Deep pyoderma caused by Burkholderia cepacia complex associated with ciclosporin administration in dogs: A case series

Frane Banovic, Sandra Koch, David Robson, Megan Jacob, Thierry Olivry

Research output: Contribution to journalArticlepeer-review

5 Scopus citations

Abstract

Background - Bacteria of the Burkholderia cepacia complex (Bcc) are ubiquitous Gram-negative bacilli associated with fatal nosocomial infections in humans; multi-antibiotic resistance makes this organism a serious threat in hospital settings. Objective - To describe the historical, clinicopathological and treatment characteristics of Bcc-associated deep skin infections in dogs. Animals - Six dogs with skin infections in which skin bacterial cultures resulted in pure growth of Bcc. Methods - Retrospective study with review of medical records and skin biopsies. Results - All dogs were receiving oral ciclosporin at the time of skin infection development. All dogs were castrated males and four of six were West Highland white terriers. Cutaneous lesions consistent with deep pyoderma were confined mainly to the trunk. In all dogs skin cytology revealed a strong inflammatory response, with moderate to abundant numbers of intracellular (neutrophils and macrophages) and extracellular bacilli. In three dogs histopathology showed a multifocal, nodular to coalescing pyogranulomatous dermatitis associated with multifocal folliculitis and furunculosis. Tissue Giemsa and Gram stains identified numerous Gram-negative rods within macrophages. Antimicrobial susceptibility testing revealed multidrug-resistant Bcc strains with sensitivity to trimethoprim/sulfonamides in all dogs and to marbofloxacin, piperacillin and ceftazidime in three dogs. Successful treatment was achieved in all dogs using trimethoprim/sulfonamides or quinolones (marbofloxacin, ciprofloxacin) or doxycycline in conjunction with ciclosporin withdrawal. Conclusions and clinical importance - Clinicians should be aware of the rare potential for Bcc-associated deep skin infections in dogs receiving oral ciclosporin. Owners should be made conscious of the potential transmission risk to humans or other animals.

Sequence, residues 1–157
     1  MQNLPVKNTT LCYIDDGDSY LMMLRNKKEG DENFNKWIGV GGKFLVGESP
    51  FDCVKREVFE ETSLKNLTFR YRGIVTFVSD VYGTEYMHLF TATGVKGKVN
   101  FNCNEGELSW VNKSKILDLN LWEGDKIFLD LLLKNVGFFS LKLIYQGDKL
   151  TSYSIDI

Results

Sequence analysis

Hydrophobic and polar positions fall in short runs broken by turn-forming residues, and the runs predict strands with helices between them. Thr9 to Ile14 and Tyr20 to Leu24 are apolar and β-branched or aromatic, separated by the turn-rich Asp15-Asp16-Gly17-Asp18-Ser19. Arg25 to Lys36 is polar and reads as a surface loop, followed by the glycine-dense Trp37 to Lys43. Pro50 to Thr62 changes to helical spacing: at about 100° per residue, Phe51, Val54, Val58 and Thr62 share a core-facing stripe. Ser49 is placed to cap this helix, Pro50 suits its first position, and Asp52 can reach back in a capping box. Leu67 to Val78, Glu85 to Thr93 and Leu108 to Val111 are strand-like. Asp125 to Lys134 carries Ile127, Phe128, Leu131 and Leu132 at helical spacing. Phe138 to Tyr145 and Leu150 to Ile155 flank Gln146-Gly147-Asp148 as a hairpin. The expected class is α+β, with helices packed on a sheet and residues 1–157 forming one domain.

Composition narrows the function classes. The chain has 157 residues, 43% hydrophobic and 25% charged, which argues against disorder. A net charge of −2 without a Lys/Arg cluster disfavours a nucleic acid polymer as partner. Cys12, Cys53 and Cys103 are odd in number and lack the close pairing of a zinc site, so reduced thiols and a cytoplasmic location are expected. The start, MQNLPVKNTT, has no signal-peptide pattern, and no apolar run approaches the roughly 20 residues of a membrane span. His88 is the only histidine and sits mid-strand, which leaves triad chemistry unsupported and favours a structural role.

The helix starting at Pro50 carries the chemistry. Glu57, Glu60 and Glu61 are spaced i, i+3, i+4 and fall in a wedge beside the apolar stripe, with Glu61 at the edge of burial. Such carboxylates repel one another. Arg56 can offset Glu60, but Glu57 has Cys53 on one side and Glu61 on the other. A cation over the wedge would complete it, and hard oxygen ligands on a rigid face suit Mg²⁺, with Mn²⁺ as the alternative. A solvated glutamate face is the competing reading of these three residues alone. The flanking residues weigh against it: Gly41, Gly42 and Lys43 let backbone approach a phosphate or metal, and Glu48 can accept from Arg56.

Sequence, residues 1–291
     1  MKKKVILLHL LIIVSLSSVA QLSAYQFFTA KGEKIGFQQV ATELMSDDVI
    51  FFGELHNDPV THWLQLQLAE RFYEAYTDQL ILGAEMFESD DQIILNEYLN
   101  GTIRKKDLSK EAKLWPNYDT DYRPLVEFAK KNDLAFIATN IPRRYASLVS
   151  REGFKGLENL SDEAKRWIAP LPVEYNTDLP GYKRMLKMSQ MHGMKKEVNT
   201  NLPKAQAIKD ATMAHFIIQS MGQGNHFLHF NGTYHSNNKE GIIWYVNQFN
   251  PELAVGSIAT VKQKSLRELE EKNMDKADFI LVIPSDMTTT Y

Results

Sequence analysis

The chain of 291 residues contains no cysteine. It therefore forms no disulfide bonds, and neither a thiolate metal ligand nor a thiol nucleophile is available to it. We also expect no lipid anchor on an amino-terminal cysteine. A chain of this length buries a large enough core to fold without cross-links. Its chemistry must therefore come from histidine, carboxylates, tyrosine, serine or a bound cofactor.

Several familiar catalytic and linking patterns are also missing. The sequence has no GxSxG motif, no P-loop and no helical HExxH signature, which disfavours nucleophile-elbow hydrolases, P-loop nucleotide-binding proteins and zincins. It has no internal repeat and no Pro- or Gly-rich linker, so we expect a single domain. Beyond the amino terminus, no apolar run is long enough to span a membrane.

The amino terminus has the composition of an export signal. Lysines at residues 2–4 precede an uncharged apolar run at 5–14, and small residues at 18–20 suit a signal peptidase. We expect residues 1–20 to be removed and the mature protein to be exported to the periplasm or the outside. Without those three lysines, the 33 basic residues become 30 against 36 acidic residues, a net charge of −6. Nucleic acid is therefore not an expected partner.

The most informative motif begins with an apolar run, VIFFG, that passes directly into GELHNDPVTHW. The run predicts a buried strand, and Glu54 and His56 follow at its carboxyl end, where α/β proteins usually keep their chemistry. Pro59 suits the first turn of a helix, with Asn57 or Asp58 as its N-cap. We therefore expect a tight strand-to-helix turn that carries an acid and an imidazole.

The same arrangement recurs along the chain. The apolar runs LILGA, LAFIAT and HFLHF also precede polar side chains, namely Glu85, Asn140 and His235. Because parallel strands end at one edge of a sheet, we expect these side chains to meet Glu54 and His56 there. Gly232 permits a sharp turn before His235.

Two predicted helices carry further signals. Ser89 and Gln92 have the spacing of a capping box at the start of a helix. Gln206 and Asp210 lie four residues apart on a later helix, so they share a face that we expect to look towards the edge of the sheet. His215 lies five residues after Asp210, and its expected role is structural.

Original languageEnglish (US)
Pages (from-to)287-292 and e64
JournalVeterinary Dermatology
Volume26
Issue number4
DOIs
StatePublished - 2015

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